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  2. This Company Turns the 2021 Toyota Tacoma Into One Posh Overlander

This Company Turns the 2021 Toyota Tacoma Into One Posh Overlander

Prepare to write a hefty check, though, because TruckHouse BCT's kit costs about as much as a Lamborghini.

We at Automobile love big adventure rigs. After all, these vehicles subscribe to such a wonderful automotive recipe. Take something ostensibly ordinary (a 2021 Toyota Tacoma) and garnish it with something extraordinary (a miniaturized house). Cue the TruckHouse BCT: a made to order, carbon-fiber-clad, go anywhere, do anything home away from home.

The concept is simple, and in a time where flying to some exotic destination isn't the easiest method of "getting away," it makes a lot of sense. First, you need a truck. In this case, TruckHouse chose the most popular mid-size truck on the market as its starting point. The Toyota Tacoma, even in TRD Pro guise, isn't our favorite truck to take off the beaten path, but it carries with it Toyota's reputation for longevity. Plus, it is extremely well supported by the aftermarket as TruckHouse beautifully demonstrates here.

The whole thing is made to order, and comes in various different "stages." Stage One is available on either the base TRD Access Cab or the TRD Sport. TruckHouse then adds 33-inch tires, long-travel suspension, a custom fabricated rear axle, a new rear bumper, and what the company calls a "reinforced chassis." Stage Two has everything from Stage One but adds 35-inch tires, an air compressor, a front winch, a snorkel, a modified front bumper that gives a better approach angle, and an extended-range fuel tank.

Stage Three, as you might imagine, carries over everything from Stage One and Two, but requires you donate a Tacoma TRD Pro. Anything less than that simply won't do, apparently. TruckHouse then sets about adding even tougher front and rear winches, auxiliary lighting, upgraded front and rear "lockers" (we're talking differentials, not the place you stored your textbooks in between classes), and a "trophy" long-travel suspension kit.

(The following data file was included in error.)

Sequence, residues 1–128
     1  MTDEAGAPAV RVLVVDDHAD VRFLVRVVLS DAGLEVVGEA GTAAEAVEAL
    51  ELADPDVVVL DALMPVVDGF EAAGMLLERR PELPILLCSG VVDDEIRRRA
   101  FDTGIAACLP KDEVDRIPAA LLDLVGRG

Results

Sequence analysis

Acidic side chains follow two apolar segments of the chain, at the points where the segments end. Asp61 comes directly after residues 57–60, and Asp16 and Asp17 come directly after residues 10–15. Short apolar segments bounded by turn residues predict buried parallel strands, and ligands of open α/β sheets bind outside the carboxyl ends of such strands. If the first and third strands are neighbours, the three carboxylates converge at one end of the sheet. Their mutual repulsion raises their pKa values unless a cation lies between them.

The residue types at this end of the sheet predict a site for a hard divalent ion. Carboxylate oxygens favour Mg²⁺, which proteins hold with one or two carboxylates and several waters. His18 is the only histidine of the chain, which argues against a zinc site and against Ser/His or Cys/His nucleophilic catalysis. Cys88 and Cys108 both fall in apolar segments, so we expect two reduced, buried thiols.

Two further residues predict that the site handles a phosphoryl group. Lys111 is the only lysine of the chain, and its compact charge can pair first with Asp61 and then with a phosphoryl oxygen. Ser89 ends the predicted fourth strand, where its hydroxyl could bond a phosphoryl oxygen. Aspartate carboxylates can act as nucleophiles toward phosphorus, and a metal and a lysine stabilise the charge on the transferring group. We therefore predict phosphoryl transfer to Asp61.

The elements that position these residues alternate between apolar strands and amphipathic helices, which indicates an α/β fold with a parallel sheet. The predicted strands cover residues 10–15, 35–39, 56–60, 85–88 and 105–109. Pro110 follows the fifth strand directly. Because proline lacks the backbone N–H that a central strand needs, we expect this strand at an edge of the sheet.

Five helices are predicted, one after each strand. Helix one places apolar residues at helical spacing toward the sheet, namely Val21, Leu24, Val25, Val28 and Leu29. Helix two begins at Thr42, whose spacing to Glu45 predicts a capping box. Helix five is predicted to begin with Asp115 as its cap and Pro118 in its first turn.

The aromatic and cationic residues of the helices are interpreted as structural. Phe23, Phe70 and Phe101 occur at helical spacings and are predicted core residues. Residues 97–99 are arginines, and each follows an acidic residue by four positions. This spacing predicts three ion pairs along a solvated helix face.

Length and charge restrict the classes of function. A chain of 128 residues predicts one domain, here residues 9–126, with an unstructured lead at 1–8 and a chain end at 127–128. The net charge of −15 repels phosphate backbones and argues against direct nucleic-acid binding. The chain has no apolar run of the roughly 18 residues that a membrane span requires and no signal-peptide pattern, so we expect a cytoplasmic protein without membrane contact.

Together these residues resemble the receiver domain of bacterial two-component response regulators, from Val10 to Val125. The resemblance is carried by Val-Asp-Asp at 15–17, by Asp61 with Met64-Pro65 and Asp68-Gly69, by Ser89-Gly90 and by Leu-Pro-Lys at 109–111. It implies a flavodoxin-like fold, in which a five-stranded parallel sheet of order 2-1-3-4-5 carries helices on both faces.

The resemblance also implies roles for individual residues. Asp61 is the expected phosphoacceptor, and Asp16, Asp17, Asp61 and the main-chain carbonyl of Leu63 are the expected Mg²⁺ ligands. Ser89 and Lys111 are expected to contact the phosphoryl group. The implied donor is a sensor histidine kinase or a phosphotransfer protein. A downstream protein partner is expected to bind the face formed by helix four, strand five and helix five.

And that's just what the company does to the truck itself. In order to make way for your "house," the Taco's bed is removed and a carbon-fiber-reinforced composite mini-house replaces it. Your new abode comes with seven dual-pane safari-style windows, an oven, a skylight, a "marine grade" drawer fridge and freezer, dimmable LED lighting, a galley sink, a lithium-ion battery pack, and solar paneling to charge it up.

Optional extras include a 32.0-inch television, heated floors (not kidding), air conditioning, a heater, internet, "premium house audio," two captains' chairs, better insulation … you get the idea. You can go the whole nine yards with the TruckHouse BCT to make it as comfortable and convenient as your actual home, and all come with room for a queen-sized bed. The only catch is all this go-anywhere do-anything excess costs a lot of money.

Prices for the BCT start at $285,000 and that's before you add in the heated floors. At least that factors in the price of the truck, sort of. You have to buy the Tacoma yourself and give it to TruckHouse, and the company says the number it factors in is just an estimate, so prices may vary. Almost $300,000 for an overloading rig sounds borderline unreasonable, and if you have that kind of cash to throw at a Tacoma, then you can almost certainly afford a stay at a five-star hotel instead of lugging one around with you.

But sometimes the heart wants what the heart wants, right? Right. And if your heart beats for one of these, you can check out TruckHouse's website for more info on how to place an order.